The New York Fed, which carries out the central bank's market operation, announced $2 billion in overnight repurchase agreements.
The Fed's "repo" follows a move by the Bank of Japan to put $5 billion into the markets and an addition by the European Central Bank of $65.3 billion; the ECB added more than $200 billion last week. The moves appeared to placate Wall Street for now and allowed it to focus on a week of fresh economic data.
Monday's injection, however, was smaller than normal, perhaps reassuring some investors that the central bank doesn't yet feel the need to pump more liquidity into the market.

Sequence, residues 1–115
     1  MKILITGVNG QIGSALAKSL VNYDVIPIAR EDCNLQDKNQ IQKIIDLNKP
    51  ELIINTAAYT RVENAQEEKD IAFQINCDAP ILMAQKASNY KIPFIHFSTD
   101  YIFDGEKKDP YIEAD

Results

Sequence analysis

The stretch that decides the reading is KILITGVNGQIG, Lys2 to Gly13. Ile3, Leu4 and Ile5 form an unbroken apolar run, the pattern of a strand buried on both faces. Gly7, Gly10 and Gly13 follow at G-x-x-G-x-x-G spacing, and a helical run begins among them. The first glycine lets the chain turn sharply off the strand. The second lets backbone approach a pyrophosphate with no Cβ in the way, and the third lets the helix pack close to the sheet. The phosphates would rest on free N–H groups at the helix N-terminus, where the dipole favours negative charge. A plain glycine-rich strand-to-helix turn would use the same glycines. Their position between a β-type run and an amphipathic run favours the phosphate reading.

The Dow Jones industrial average fell 3.01, or 0.02 percent, to 13,236.53.
Broader stock indicators also fell. The Standard & Poor's 500 index fell 0.72, or 0.05 percent, to 1,452.92, and the Nasdaq composite index retreated 2.65, or 0.10 percent, to 2,542.24.
After enduring sharp swings to the downside last week, the Dow and other major indexes ultimately finished the week with a modest gain.
Wall Street wasn't comfortable enough to hold positions overnight, and ultimately sold them off just before the closing bell Monday.
Light, sweet crude rose 13 cents to $71.60 per barrel on the New York Mercantile Exchange.